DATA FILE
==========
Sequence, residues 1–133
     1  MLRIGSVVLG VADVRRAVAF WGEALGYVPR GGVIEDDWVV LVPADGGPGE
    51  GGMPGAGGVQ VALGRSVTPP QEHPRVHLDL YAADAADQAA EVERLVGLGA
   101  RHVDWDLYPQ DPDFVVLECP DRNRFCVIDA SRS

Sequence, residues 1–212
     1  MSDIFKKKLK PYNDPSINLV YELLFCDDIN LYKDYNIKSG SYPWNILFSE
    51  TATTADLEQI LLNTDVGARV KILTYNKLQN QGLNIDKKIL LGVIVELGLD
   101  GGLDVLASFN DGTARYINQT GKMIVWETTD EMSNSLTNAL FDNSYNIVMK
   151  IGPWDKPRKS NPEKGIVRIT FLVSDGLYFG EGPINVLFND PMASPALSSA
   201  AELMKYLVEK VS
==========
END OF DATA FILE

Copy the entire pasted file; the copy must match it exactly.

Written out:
Sequence, residues 1–133
     1  MLRIGSVVLG VADVRRAVAF WGEALGYVPR GGVIEDDWVV LVPADGGPGE
    51  GGMPGAGGVQ VALGRSVTPP QEHPRVHLDL YAADAADQAA EVERLVGLGA
   101  RHVDWDLYPQ DPDFVVLECP DRNRFCVIDA SRS

Sequence, residues 1–212
     1  MSDIFKKKLK PYNDPSINLV YELLFCDDIN LYKDYNIKSG SYPWNILFSE
    51  TATTADLEQI LLNTDVGARV KILTYNKLQN QGLNIDKKIL LGVIVELGLD
   101  GGLDVLASFN DGTARYINQT GKMIVWETTD EMSNSLTNAL FDNSYNIVMK
   151  IGPWDKPRKS NPEKGIVRIT FLVSDGLYFG EGPINVLFND PMASPALSSA
   201  AELMKYLVEK VS